The fairy-tale life of Derek Jeter added a stirring chapter Saturday nobody could have predicted.
On a flawless summer day inside a packed Stadium, the perfect Yankee not only reached 3,000 hits with a monster home run in his second at-bat, but he went 5-for-5 with the game-winning hit in a 5-4 victory over the Rays.
“If I had tried to written it and given it to someone, I wouldn’t have bought it,’’ Jeter said of scripting the amazing day. “It was one of those special days.’’
Jeter admitting to fibbing about there not being pressure on him to become the first Yankees player, and 28th player in major-league history, to reach 3,000.
“I have been lying, saying I wasn’t nervous and no pressure to do it here,’’ said Jeter, who passed Roberto Clemente and is four hits away from Al Kaline in 26th place. “But there was a lot of pressure to do it here. It wouldn’t have felt right doing it somewhere else.’’
Jeter singled to left on a 3-2 pitch from lefty David Price in the first. Faced with the same count two innings later, Jeter was looking for a fastball from Price, whose heater reaches 98 mph. Instead, Jeter got a 77-mph breaking ball he crushed for a 420-foot homer that made it into the first row of bleachers in left field where Highland Mills (N.Y.) resident Christian Lopez got his hands on it.
“I knew he wasn’t going to catch it,’’ Jeter said of Matt Joyce, the Rays’ left fielder. “But I didn’t know it was a home run.’’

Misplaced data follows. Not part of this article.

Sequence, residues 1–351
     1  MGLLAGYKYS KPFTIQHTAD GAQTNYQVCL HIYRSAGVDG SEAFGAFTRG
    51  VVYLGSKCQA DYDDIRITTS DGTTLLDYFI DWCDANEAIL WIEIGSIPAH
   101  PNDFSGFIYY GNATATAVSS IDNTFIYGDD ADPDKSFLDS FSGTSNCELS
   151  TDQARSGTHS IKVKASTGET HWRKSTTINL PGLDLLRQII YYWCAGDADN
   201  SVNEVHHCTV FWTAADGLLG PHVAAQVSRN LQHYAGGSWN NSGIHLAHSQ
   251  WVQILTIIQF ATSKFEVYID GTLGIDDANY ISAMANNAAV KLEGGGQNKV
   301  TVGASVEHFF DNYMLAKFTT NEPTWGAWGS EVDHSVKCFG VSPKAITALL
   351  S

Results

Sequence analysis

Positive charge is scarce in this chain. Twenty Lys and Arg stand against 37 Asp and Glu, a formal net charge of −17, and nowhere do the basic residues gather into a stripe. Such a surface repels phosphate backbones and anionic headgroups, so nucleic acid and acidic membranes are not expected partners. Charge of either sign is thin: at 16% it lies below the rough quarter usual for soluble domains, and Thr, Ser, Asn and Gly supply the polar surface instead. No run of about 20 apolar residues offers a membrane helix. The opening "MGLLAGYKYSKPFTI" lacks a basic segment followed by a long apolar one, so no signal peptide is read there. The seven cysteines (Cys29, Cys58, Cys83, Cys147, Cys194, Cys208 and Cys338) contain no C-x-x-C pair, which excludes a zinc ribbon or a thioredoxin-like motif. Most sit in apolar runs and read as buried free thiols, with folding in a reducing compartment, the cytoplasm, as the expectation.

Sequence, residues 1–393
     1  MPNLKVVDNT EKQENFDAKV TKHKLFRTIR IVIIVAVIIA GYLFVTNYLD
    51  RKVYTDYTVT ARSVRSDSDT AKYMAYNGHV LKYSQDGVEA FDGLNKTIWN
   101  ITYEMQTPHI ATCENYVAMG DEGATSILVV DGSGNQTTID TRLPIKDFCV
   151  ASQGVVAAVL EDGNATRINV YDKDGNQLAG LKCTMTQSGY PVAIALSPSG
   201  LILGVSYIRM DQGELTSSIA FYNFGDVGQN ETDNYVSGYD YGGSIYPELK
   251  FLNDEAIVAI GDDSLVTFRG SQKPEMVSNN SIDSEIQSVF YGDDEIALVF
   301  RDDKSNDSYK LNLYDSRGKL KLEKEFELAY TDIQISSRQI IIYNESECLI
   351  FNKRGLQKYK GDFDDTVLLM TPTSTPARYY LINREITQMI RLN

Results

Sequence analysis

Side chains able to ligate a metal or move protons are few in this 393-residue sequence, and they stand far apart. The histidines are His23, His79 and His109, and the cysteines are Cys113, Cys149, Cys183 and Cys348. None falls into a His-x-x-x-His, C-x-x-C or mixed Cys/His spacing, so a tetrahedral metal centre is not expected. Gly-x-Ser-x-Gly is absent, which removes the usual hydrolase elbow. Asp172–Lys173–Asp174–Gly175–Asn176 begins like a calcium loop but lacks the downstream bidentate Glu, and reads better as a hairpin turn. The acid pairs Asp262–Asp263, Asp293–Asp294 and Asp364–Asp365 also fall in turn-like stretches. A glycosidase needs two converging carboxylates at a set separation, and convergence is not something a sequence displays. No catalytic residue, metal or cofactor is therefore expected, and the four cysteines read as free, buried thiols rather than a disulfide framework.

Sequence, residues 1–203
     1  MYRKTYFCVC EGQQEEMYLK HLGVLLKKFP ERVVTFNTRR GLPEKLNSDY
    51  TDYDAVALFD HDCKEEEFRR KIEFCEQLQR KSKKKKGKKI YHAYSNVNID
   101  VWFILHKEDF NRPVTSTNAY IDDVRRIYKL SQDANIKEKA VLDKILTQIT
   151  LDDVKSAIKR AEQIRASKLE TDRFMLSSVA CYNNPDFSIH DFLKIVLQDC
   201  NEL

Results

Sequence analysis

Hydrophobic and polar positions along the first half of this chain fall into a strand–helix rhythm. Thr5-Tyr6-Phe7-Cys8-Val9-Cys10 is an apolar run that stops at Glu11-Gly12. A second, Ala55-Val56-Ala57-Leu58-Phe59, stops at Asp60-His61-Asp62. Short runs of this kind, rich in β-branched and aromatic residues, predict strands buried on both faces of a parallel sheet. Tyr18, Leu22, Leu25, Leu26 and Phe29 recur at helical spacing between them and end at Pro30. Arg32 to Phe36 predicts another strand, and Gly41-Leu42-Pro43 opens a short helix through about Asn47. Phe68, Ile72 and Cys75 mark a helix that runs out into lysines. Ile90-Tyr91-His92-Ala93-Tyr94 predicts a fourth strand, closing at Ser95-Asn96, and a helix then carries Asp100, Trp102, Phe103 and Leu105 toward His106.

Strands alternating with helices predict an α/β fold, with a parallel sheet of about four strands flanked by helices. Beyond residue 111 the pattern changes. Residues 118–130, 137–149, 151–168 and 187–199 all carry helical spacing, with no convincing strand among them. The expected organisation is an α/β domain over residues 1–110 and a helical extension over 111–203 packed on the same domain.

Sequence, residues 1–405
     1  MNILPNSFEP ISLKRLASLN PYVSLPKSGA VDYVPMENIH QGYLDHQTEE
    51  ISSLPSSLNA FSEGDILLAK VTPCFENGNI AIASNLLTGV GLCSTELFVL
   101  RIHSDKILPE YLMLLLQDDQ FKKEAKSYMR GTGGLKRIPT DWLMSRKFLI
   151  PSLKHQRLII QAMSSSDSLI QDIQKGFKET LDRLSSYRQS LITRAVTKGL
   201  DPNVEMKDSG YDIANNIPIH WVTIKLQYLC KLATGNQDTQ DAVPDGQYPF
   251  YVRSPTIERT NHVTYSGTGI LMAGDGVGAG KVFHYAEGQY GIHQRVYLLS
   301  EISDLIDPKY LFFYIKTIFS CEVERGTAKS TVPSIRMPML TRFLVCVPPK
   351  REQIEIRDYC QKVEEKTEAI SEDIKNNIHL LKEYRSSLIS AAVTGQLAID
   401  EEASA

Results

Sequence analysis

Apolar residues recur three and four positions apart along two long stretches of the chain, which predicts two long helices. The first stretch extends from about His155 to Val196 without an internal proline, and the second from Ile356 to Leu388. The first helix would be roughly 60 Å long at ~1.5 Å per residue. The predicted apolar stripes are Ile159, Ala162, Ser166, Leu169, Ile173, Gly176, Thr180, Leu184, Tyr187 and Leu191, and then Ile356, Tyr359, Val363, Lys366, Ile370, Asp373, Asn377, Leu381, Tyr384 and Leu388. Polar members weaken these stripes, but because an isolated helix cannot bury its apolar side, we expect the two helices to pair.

Jorge Posada led a pinstriped stream of Yankees to home plate where Jeter’s closest friend delivered a sternum-crushing hug. Relievers poured in from the bullpen. Several curtain calls from the delirious crowd of 48,103 followed and Jeter ended them with a salute to his family and friends in the suite four floors up.
Jeter’s grand day continued with a double in the fifth when he scored on Curtis Granderson’s single. Jeter singled and swiped second in the sixth, then in a scenario Hollywood would never accept, strode to the plate in the eighth with the score tied, 4-4, and Eduardo Nunez on third base with one out.
“There was less pressure there than the first at-bat,’’ Jeter said. “I have been in those situations.’’
With the infield in, Jeter bounced a single up the middle. From there, Mariano Rivera recorded the final three outs for his 22nd save to make sure one of the most memorable Yankees performances wasn’t soiled.
“It would have been awkward if we had lost,’’ said Jeter, who is hitting .391 (9-for-23) since coming off the disabled list for a calf injury Monday. “That was going through my head in the first at-bat, we needed to win the game. After the home run I wasn’t thinking about 3,000. If we didn’t win it would have put a damper on things.’’
Page through Yankee history and nobody -- not Babe Ruth, Lou Gehrig, Joe DiMaggio, Yogi Berra nor Mickey Mantle -- has 3,000 hits. Former Yankees teammate Wade Boggs is the only other member of the fraternity to homer for the milestone hit. Craig Biggio is the only other player to go 5-for-5 in the game when 3,000 hits was reached.
“To do it in that fashion is incredible,’’ Russell Martin said. “I guess that’s what legends are made of.’’